In years past, folks who had a new idea for a product or service, but needed some startup money to get it going, might approach a bank for a loan or maybe ask friends and family members to invest in their ideas. Today’s inventors and entrepreneurs have a new method for raising startup money through online “crowdfunding” sites.
These sites take the “friends and family” investment approach to a global marketplace. Instead of getting one or two large financial backers, a “creator” can collect thousands of small investments from people all over the world. The two largest sites that offer these crowdfunding platforms are Indiegogo and Kickstarter.
In many cases, the creator offers special deals for those who contribute to his or her project – a discount or early delivery of the product once it is launched are two common benefits offered.
Because many of the sites classify the contributions as gifts and not as transactions or donations, this presents interesting challenges when it comes to enforcing the Kansas Consumer Protection Act if a good or service promised is not delivered. The wording in the agreements states the giver is voluntarily giving the project creators money. Therefore, there is no consumer transaction agreement being entered in to - a prerequisite for KCPA protection.
The sites encourage project creators to follow through on the gifts or perks, but do not necessarily obligate them to do so. The sites further state a consumer is not entitled to anything just because they have given money. The sites that host these pages remove themselves from any liability; if the fundraising goal is not met, or, the fundraiser fails to follow through, even if the goal is met, there is no enforcement ability to deliver on the promises made.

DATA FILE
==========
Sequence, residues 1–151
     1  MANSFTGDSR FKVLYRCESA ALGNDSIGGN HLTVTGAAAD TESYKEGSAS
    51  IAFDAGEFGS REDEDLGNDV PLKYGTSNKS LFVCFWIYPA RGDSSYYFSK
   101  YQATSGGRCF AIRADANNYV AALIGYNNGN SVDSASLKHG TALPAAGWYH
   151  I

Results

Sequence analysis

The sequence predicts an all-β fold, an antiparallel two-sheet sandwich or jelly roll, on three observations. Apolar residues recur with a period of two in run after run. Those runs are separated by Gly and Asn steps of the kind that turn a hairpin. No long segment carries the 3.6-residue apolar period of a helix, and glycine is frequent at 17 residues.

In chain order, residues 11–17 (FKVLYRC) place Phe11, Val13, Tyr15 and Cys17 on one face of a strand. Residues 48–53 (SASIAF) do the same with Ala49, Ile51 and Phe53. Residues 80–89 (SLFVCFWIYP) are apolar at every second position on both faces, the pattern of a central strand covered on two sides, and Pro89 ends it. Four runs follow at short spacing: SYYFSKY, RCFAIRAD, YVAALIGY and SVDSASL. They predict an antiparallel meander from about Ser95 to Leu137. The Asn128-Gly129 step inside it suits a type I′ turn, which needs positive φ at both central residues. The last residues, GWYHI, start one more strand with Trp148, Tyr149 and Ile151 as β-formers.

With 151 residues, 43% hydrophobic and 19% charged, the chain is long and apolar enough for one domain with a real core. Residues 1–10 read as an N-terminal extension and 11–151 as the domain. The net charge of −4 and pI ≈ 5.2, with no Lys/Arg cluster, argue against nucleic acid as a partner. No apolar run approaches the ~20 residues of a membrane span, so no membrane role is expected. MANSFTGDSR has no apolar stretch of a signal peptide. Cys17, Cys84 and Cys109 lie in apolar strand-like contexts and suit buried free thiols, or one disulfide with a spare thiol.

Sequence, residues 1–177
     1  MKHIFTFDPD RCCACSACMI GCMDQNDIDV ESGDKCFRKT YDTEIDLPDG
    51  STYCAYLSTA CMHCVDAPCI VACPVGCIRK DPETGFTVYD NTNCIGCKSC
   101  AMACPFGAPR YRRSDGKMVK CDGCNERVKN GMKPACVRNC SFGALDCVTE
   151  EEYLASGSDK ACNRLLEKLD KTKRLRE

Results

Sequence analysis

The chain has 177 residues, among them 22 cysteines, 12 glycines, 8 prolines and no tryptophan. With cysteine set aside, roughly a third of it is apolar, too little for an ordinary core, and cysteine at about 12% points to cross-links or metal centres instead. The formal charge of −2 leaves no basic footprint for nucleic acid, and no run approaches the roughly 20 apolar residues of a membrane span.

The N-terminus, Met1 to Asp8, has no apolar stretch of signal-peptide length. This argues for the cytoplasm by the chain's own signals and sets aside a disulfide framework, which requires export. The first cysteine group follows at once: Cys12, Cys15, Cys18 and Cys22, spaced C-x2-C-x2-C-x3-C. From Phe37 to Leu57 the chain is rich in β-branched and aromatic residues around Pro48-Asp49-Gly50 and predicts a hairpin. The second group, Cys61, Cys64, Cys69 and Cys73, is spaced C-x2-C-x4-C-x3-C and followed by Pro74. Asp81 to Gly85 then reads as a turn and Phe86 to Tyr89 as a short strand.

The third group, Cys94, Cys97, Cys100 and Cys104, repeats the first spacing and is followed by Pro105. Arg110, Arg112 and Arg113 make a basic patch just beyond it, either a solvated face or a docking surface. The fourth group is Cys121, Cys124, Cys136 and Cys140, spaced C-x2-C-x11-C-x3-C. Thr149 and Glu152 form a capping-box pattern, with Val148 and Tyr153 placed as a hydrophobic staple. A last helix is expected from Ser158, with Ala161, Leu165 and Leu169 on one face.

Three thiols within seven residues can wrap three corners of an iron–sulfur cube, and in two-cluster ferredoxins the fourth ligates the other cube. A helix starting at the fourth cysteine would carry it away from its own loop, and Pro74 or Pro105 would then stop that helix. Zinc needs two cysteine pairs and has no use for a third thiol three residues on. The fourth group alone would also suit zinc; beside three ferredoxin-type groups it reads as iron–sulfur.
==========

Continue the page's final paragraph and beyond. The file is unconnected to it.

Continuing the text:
In one instance, a young man started a campaign that promised to teach people how to develop apps for smart phones. The man raised $54,000 – surpassing his original goal of a couple thousand – but never delivered.
And just this month, a startup that raised $2.4 million on Kickstarter to manufacture a sleep monitoring device announced that it is shutting down.
The Federal Trade Commission has taken action against some creators who failed to keep promises made on crowdfunding sites. However, in many cases, authorities may be unable to locate the person who created the page. Even if the person is found, the money given to support the project may be long gone.
To avoid crowdfunding scams, do as much research as you can into the project you are supporting and the person who is promoting it. Find out if the person has had other successful projects in the past and ask yourself if the potential benefits of supporting the project outweigh the risk of losing your money.
If you suspect a crowdfunding page is a scam, use the site’s features to report it. If you’ve lost money to one of these scams, you can file a complaint with our Consumer Protection Division online at www.InYourCornerKansas.org or by calling (800) 432-2310.